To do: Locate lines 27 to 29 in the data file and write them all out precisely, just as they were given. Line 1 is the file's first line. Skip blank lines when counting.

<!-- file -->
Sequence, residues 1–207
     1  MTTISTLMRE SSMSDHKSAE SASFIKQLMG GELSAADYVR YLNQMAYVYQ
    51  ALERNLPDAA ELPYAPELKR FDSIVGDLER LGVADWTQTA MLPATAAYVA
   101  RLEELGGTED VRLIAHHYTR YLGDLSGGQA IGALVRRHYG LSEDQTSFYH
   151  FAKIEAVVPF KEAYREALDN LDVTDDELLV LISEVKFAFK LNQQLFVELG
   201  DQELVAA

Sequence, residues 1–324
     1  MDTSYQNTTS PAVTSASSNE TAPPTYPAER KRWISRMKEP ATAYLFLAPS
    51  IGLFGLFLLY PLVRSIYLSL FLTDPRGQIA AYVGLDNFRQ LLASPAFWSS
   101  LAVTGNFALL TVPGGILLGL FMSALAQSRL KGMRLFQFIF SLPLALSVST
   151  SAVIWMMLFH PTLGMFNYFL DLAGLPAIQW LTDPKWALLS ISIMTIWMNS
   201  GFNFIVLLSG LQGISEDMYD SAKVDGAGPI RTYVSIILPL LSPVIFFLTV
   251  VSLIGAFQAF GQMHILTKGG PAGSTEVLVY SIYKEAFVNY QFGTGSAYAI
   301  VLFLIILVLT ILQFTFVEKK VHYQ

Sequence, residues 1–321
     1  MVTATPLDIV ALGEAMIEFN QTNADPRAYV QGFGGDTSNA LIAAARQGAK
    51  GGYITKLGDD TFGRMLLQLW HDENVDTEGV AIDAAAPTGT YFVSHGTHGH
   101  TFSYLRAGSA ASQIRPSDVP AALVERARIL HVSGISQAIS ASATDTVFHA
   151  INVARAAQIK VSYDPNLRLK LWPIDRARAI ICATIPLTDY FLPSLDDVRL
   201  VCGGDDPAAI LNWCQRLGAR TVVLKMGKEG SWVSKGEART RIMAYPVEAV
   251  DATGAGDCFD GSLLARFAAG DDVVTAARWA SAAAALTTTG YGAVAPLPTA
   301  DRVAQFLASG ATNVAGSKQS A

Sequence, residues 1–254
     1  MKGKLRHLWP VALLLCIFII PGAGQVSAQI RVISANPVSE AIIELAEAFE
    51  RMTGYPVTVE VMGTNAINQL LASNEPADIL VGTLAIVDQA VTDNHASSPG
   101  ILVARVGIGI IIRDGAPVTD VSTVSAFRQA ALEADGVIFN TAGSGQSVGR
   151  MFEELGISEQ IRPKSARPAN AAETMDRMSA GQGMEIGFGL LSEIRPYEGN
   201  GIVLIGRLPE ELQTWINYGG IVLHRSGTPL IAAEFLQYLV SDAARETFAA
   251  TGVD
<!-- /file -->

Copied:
   151  MFEELGISEQ IRPKSARPAN AAETMDRMSA GQGMEIGFGL LSEIRPYEGN
   201  GIVLIGRLPE ELQTWINYGG IVLHRSGTPL IAAEFLQYLV SDAARETFAA
   251  TGVD